Matter for Congressional Consideration

  1. Status: Closed - Implemented

    Comments: On January 12, 2015 the president signed National Association of Registered Agents and Brokers Reform Act of 2015 (or NARAB II). The law established NARAB, which will act as a central clearinghouse allowing an insurance producer licensed in their home state to sell, solicit, or negotiate in every other state in which the producer intends to do business. To become a member of NARAB, an insurance producer must be licensed in their home state, not have an active license suspension or revocation in place at the time of application, successfully pass a criminal background check, and pay membership fees. Once NARAB accepts the membership application from a qualified producer, the producer is authorized to engage in producer activities, provided the producer is licensed for those lines of business in their home state and pays the state's licensing fee.

    Matter: In order to improve how state insurance regulators identify insurance license applicants with criminal backgrounds and protect consumers, Congress, as it explores the advantages and disadvantages of a change to the federal role in the regulation of insurance, may wish to explore ways to ensure that all state insurance regulators can conduct nationwide criminal background checks as part of their producer licensing and consumer protection functions.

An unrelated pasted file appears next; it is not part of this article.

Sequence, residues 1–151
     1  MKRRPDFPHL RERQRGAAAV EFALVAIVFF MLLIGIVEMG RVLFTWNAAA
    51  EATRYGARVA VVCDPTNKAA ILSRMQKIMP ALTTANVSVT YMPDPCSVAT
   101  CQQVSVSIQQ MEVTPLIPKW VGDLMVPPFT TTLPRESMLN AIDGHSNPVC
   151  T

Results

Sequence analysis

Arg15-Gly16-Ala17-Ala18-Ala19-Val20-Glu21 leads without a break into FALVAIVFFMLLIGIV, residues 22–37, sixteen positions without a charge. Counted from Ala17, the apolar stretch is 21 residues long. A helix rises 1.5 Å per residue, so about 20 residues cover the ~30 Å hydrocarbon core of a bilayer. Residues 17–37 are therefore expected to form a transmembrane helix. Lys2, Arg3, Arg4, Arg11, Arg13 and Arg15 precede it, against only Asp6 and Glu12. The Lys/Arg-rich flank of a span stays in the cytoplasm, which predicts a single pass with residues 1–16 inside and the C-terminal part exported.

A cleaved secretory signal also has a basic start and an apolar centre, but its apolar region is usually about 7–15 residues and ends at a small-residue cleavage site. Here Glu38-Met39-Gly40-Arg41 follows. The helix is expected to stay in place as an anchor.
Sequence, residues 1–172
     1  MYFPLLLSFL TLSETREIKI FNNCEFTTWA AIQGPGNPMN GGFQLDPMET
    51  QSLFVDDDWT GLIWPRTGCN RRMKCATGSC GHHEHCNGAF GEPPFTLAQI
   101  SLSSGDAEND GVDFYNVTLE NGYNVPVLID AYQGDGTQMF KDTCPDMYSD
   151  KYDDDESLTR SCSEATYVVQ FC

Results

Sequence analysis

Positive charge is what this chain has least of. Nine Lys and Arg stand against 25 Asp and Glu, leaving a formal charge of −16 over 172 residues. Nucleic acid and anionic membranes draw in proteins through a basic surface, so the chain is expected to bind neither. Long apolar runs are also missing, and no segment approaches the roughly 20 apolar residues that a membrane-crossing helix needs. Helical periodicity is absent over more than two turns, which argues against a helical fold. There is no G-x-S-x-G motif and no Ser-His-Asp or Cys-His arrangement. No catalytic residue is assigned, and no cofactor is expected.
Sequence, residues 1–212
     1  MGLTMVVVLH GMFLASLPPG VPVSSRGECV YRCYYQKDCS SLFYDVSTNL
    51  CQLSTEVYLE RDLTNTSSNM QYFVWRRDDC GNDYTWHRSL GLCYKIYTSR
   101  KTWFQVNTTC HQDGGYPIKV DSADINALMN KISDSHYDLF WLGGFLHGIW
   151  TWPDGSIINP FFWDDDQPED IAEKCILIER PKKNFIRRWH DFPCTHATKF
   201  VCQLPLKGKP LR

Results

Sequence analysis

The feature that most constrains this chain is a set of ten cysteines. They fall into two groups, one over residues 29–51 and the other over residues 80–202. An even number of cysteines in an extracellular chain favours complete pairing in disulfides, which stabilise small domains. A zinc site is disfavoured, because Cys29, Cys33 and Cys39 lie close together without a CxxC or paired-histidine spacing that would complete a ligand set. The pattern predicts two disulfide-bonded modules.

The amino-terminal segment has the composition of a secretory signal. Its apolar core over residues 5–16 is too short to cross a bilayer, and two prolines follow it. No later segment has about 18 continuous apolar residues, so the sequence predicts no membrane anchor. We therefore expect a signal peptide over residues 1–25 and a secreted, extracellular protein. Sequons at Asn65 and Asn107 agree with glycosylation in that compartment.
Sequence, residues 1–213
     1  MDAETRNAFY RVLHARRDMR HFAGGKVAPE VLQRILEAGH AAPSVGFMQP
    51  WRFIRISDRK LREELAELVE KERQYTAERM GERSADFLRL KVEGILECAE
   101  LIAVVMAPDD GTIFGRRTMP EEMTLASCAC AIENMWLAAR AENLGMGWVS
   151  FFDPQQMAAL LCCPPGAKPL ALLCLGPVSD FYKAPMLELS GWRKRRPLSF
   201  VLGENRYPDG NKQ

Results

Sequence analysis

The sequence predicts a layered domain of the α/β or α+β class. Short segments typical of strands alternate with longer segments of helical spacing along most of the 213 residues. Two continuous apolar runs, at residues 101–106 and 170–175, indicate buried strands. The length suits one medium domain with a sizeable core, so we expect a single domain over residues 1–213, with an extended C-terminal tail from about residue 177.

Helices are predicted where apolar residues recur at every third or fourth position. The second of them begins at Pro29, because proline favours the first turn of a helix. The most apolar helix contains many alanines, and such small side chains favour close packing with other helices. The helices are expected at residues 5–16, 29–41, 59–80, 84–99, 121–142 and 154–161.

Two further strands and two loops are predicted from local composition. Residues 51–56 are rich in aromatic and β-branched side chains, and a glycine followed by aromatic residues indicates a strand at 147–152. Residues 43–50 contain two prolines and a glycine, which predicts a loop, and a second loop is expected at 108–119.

Recommendation for Executive Action

  1. Status: Closed - Implemented

    Comments: The NAIC's Speed to Market efforts continued into 2013. The NAIC, through the Speed to Market (EX) Task Force, worked with regulators and industry to identify ways in which to improve the efficiency of product filing submission, review, and approval. The utility of the System for Electronic Rate and Form Filing (SERFF) was expanded as the NAIC facilitated the state exchanges for qualified health plans under the Affordable Care Act and for other purposes. In 2012, NAIC's focused on achieving uniformity across states in several areas, including product coding, product types, transmittal documents, fee payments, and use of SERFF.

    Recommendation: To continue progress achieved through NAIC's electronic and automated product filing processes, NAIC and state regulators should work with the insurance industry to further identify differences in the ways state regulators review and approve filings received through SERFF, and take any necessary steps, where appropriate, to improve consistency in their product approval processes.

    Agency Affected: National Association of Insurance Commissioners